So all photographic theories of explaining the Shroud's existence in the 14th century (or even the 15th century) fail by being hopelessly anachronistic in requiring that someone (e.g. Leonardo) in the Middle Ages invented the whole process of photography, from: 1) discovering that silver nitrate was light-sensitive; 2) discovering how to fix silver nitrate images; 3) taking the 4.3 x 1.1 metre photograph of a man (or model) crucified exactly as Jesus was (arguably the greatest photograph ever taken!); 4) recording that image on linen covered with silver nitrate; but not 5) knowing how to convert the negative image to a positive; and then 6) not doing any other photographs; nor 7) telling anyone else; or 8) writing down for posterity his great discovery!

Not to mention the `minor' matter that the Shroud of Turin is a colour, namely sepia, whereas Allen's image obtained from silver nitrate is necessarily black and white!

[Above: Black and white Shroud `replica' produced by Prof. Nicholas Allen (Wilson, I., "The Blood and the Shroud," 1998, plate 47c) compared with actual sepia coloured Shroud (Examine The Shroud of Turin)]

And as Wilson pointed out, even if "someone of the Middle Ages having successfully mastered such an advanced degree of photographic expertise ... this would have been directed solely to producing a `negative' image that to any mediaeval observer could only have seemed most unconvincing" since the "`positive' photograph would still have been inaccessible to ... even the `photographer' who created it, for another five hundred years" (my emphasis):

"Furthermore, it cannot be stressed enough that even in the unlikely event of someone of the Middle Ages having successfully mastered such an advanced degree of photographic expertise - only then to lose it again this would have been directed solely to producing a `negative' image that to any mediaeval observer could only have seemed most unconvincing. The so compelling hidden `positive' photograph would still have been inaccessible to anyone, even the `photographer' who created it, for another five hundred years." (Wilson, 1998, p.217).

The final nail in the coffin of Allen's medieval camera obscura photograph theory (and indeed to all such medieval photograph theories) is that it requires the artist/photographer to "produce subtle photographic details, like scourge wounds and bloodstains, all from a total distance of 10 metres." Allen tried to get around this by claiming that, "The stigmata and other areas of the blood of the Shroud were probably added with the aid of a paintbrush and real blood, after the negative image had been obtained" but in fact "there are no signs of any body image beneath the bloodstains, meaning that the blood wounds penetrated the fibres before the image appeared on the cloth" (my emphasis):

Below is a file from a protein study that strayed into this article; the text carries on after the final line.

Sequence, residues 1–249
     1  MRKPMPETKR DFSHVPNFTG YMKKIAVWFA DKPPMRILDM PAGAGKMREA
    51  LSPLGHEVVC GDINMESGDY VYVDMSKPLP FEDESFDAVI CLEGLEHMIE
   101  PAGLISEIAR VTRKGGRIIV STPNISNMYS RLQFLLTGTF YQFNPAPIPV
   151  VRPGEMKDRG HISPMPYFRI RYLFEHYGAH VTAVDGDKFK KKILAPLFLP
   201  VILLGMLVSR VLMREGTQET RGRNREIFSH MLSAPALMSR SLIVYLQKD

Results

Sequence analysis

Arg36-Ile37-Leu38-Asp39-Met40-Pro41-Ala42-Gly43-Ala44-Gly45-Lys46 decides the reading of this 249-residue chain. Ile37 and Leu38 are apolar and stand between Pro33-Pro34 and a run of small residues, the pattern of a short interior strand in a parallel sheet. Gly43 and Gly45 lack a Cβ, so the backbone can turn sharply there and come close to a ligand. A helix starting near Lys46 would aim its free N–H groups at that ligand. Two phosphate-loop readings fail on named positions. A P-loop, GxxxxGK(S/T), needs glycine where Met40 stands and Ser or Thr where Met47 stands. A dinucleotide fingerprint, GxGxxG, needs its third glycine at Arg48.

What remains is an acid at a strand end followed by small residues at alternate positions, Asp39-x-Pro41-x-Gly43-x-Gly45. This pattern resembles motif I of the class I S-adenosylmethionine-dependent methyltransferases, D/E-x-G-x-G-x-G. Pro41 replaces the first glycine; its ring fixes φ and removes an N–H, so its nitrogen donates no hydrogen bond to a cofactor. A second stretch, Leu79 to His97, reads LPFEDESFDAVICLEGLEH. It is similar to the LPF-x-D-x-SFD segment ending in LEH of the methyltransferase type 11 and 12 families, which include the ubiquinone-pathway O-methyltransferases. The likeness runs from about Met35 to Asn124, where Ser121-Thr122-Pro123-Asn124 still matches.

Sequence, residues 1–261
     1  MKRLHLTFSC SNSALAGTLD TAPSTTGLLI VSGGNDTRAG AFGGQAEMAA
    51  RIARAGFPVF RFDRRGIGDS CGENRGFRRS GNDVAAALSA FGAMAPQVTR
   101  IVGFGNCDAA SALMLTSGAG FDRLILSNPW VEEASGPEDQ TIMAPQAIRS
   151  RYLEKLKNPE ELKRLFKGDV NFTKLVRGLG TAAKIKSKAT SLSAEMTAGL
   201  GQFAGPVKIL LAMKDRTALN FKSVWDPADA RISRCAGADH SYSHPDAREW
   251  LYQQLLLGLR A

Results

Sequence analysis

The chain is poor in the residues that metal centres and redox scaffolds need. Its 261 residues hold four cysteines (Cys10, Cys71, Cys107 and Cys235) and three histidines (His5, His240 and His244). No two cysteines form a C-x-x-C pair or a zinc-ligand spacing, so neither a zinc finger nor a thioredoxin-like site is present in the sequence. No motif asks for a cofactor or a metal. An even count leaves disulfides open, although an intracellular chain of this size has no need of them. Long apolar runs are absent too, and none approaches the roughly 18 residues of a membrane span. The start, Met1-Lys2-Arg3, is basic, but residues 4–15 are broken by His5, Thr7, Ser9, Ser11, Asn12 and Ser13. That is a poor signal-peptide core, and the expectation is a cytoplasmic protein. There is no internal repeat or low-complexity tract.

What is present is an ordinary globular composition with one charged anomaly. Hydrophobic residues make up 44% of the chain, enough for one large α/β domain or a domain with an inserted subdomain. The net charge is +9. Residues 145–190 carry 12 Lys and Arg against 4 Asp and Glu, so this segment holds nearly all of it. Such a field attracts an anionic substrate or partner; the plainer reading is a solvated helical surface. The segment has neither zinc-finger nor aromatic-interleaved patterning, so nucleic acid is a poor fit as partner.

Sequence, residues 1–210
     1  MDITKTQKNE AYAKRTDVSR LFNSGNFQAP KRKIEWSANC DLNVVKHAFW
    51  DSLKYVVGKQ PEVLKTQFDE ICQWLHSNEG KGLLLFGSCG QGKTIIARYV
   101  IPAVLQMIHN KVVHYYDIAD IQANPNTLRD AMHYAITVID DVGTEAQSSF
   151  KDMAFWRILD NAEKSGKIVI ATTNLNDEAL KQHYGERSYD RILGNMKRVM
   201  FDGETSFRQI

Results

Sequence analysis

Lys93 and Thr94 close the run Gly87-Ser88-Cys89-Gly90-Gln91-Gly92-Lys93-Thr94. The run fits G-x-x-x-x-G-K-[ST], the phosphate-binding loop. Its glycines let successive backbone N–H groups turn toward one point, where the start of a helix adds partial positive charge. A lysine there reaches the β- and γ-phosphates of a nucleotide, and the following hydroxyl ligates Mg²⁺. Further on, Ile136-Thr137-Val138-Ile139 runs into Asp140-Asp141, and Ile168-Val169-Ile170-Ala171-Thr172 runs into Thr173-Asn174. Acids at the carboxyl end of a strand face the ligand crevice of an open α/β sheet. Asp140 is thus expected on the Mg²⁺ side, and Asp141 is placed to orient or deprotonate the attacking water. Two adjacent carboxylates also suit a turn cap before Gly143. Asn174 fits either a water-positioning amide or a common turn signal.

"The result was images which bore a number of similarities to the Shroud image when viewed by the naked eye. The cloth had developed a straw-yellow discoloration of its surface fibrils, and faint evidence of an image of the plaster-cast was apparent when the cloth was viewed from about 2 metres distance. The most telling effect became evident when he photographed his cloth with a modern camera, using black-and-white film, and examined the negative. It revealed a `positive' image of the subject. While his experiment might have supported his conclusion, `that people in the late thirteenth or early fourteenth century were privy to a photographic technology which was previously thought to be unknown before the beginning of the nineteenth century' [Allen, Ibid., p.34], it would be an extreme interpretation of his work for him or anyone to claim that the Shroud images could have been created in a similar way. Not only would it have required the procurement of a Jewish male corpse, crucified in the same way as Jesus, with the nail and lance wounds, and for it to be suspended for several days in sunshine, facing the aperture, then for several days more with its back facing the aperture, without displaying any sign of decay, and also produce subtle photographic details, like scourge wounds and bloodstains, all from a total distance of 10 metres. To have fulfilled such onerous requirements is beyond belief. Yet, in attempting to dispel disbelief that the Shroud image could have been formed in this way Allen wrote: `The stigmata and other areas of the blood of the Shroud were probably added with the aid of a paintbrush and real blood, after the negative image had been obtained'. This was not possible, for the simple reason that scientists have discovered there are no signs of any body image beneath the bloodstains, meaning that the blood wounds penetrated the fibres before the image appeared on the cloth. With all photography the choice of film and the purity of the developing emulsions define the degree of sharpness and clarity of a photographic image. The fact that no museum or library in the world possesses a medieval camera-obscura photograph or even a crude pre-1800 photograph is sufficient evidence that no one had produced one before the invention of photography." (Whiting, 2006, pp.160-161).

Therefore, as Ian Wilson pointed out, because "to date there has been only one genuinely satisfying, albeit still only partial, replication of the Shroud's image, that by Professor Nicholas Allen" but that demands so much ingenuity and advanced photographic knowledge on the part of someone of the Middle Ages that it may actually" (and in fact does) "represent rather better evidence for the Shroud's authenticity than for its forgery" (my emphasis)!: